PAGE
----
CDCA2 and AURKB are both late cell-cycle genes (Kimura et al., 2004; Davis et al., 2010; Müller et al., 2014; Santos et al., 2015; Figure 2, D–F). Such genes are maximally expressed in G2/M and their expression is often stimulated by the transcription factor FOXM1 (Müller et al., 2014; Fischer et al., 2016b). AURKB is a well-established target of FOXM1 (Wang et al., 2005; Bonet et al., 2012; Fischer et al., 2016a). We noted that the promoter region of CDCA2 in mammals also harbors a conserved FOXM1 consensus binding site, known as “cell cycle genes homology region” (Supplemental Figure S3A). Accordingly, CDCA2 was recently identified as a target of FOXM1 by analyzing 23 ChIP-seq experiments from eight human cancer cell lines (Wang et al., 2017). Also, the level of FOXM1 and CDCA2 or AURKB transcripts was positively correlated in eight cancer types (Figure 3A) and a collection of more than 1100 human cancer cell lines from CCLE (Supplemental Figure S3B) (Barretina et al., 2012). Consistent with CDCA2 and AURKB being FOXM1-target genes, the small interfering RNA (siRNA)-mediated knockdown of FOXM1 significantly reduced the levels of both RepoMan and Aurora-B protein in cells arrested in mitosis (Figure 3, B and C). However, the latter finding does not rule out the possibility that the loss of RepoMan and Aurora B was (partially) caused by cell-cycle defects associated with the depletion of FOXM1. To examine more directly whether FOXM1 was bound to the promoter region of CDCA2 and AURKB, we performed ChIP-quantitative PCR (qPCR) assays, which confirmed that FOXM1 was associated with the promoter of both CDCA2 and AURKB (Figure 3D). While these data indicate that FOXM1 promotes the expression of CDCA2 during G2/M, they do not rule out a contribution of additional transcription factors or transcript decay factors to the cell cycle-dependent oscillation of RepoMan transcript (Figure 2D).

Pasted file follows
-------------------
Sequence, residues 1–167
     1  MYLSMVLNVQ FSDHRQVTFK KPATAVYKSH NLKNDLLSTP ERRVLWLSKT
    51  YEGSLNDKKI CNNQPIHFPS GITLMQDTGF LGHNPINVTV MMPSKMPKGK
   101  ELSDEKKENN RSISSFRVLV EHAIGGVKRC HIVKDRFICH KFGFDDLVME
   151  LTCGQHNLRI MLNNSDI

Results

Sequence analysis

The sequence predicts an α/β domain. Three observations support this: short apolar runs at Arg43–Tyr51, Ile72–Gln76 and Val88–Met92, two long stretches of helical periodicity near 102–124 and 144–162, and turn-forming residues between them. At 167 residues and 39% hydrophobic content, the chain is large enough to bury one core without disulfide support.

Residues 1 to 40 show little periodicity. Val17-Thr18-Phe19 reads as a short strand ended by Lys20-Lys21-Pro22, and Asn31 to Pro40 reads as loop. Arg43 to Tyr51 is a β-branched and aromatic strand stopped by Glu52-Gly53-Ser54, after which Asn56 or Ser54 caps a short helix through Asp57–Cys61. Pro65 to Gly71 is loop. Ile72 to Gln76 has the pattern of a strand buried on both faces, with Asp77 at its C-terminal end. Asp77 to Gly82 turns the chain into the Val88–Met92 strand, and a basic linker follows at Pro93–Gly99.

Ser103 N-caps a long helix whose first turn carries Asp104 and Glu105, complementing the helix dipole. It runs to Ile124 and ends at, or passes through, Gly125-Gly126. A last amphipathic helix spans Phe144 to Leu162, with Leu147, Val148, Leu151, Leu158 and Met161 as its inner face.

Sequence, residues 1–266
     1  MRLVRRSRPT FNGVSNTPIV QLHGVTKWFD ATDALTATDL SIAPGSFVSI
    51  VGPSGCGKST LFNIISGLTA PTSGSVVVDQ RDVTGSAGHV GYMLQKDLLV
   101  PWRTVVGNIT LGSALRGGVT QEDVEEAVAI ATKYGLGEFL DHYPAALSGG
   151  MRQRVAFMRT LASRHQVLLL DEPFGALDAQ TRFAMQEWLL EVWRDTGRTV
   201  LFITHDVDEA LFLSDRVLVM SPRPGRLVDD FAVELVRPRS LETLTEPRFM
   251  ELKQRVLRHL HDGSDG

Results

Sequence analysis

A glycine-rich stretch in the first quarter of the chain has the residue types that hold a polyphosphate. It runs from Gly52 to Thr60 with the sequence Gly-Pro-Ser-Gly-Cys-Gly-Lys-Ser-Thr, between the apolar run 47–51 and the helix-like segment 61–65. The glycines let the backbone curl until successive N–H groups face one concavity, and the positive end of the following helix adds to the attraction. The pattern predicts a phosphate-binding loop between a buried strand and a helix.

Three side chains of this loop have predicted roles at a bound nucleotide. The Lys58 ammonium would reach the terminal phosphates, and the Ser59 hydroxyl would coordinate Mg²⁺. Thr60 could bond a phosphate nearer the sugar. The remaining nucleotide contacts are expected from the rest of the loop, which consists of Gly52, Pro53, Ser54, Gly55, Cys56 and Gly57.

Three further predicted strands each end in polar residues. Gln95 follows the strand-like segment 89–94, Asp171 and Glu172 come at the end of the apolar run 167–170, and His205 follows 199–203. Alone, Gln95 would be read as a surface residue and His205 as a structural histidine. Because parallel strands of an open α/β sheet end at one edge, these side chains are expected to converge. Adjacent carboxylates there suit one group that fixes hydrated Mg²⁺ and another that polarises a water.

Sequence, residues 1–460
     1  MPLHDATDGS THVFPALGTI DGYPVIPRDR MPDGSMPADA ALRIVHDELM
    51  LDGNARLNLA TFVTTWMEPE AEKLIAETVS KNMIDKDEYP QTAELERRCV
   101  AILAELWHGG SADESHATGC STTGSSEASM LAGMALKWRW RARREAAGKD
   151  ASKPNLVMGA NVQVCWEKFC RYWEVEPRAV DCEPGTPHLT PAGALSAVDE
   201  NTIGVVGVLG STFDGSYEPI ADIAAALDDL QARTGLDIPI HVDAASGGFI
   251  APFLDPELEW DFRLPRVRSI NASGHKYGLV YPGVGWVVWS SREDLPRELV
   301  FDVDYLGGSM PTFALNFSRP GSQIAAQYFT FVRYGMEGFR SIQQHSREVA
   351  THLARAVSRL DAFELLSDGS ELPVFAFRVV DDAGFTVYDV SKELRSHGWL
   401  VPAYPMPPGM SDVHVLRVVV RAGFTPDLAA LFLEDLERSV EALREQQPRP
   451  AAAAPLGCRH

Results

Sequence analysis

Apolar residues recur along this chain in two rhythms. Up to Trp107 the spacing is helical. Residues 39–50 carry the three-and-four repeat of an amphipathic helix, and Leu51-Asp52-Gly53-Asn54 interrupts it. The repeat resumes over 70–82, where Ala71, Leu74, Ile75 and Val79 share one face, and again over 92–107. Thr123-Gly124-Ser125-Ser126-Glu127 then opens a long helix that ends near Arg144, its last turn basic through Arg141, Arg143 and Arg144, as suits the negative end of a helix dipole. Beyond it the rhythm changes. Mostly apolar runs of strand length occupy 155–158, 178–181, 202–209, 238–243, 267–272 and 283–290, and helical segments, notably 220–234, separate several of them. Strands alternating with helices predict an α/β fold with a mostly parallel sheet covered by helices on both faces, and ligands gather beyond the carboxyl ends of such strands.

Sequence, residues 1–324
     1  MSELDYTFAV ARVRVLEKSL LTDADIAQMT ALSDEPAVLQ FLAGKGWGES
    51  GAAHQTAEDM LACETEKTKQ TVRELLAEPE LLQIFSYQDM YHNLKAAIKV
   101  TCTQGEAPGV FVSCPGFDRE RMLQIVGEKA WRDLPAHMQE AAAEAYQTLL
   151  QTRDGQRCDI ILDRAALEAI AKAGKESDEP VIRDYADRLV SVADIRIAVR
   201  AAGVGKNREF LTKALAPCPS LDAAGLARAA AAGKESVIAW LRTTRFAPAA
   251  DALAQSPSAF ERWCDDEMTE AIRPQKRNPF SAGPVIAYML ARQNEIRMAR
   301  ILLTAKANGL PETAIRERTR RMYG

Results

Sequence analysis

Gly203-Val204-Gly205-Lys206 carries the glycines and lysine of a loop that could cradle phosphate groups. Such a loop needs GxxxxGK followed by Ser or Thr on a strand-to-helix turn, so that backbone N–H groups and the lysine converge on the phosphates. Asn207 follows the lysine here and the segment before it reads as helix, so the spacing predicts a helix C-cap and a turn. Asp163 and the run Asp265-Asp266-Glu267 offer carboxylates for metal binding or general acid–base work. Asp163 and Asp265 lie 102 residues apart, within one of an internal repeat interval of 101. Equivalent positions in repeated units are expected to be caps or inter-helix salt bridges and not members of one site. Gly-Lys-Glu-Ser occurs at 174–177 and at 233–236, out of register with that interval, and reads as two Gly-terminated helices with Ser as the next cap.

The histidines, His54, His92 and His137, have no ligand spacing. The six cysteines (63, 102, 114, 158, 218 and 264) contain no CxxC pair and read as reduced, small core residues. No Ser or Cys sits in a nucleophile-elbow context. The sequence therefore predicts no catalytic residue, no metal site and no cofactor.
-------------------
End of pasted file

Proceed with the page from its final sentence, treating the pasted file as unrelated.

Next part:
FIGURE 3: FOXM1 controls RepoMan and Aurora-B expression. (A) Summary of the Pearson’s correlation coefficients (r) and P values for the indicated types of cancer, as defined in the legend of Figure 1. Transcript expression data (array z-score) of CDCA2, AURKB, and FOXM1 were obtained from human cancer data sets in the cBioPortal database. (B) U2OS cells were arrested in G2 (thymidine block and RO3306) or in mitosis (thymidine block and nocodazole) before and after the knockdown of FOXM1. Cell lysates were analyzed by immunoblotting. (C) RepoMan, Aurora-B, and FOXM1 band intensities were quantified and normalized to GAPDH and to siCTR for each phase from three independent experiments. Ns, not significant; **P < 0.01 and ***P < 0.001 in paired t test. (D) ChIP-qPCR assay for FOXM1 of the indicated genes in U2OS cells fixed after 10 h release from a G1/S arrest. Bars indicate the mean percentages ± SD of input precipitated with FOXM1 antibody or rabbit anti-mouse immunoglobulins (IgG). ACTIN was used as non-FOXM1 target gene. ChIP enrichments were calculated as a percentage of the total input signal (Ns, not significant; *P < 0.05 in paired t test for five independent experiments). (E) Cox-proportional hazards model showing the hazard risk for the indicated variables in patients with liver hepatocellular carcinoma or lung adenocarcinoma. N, number of patients.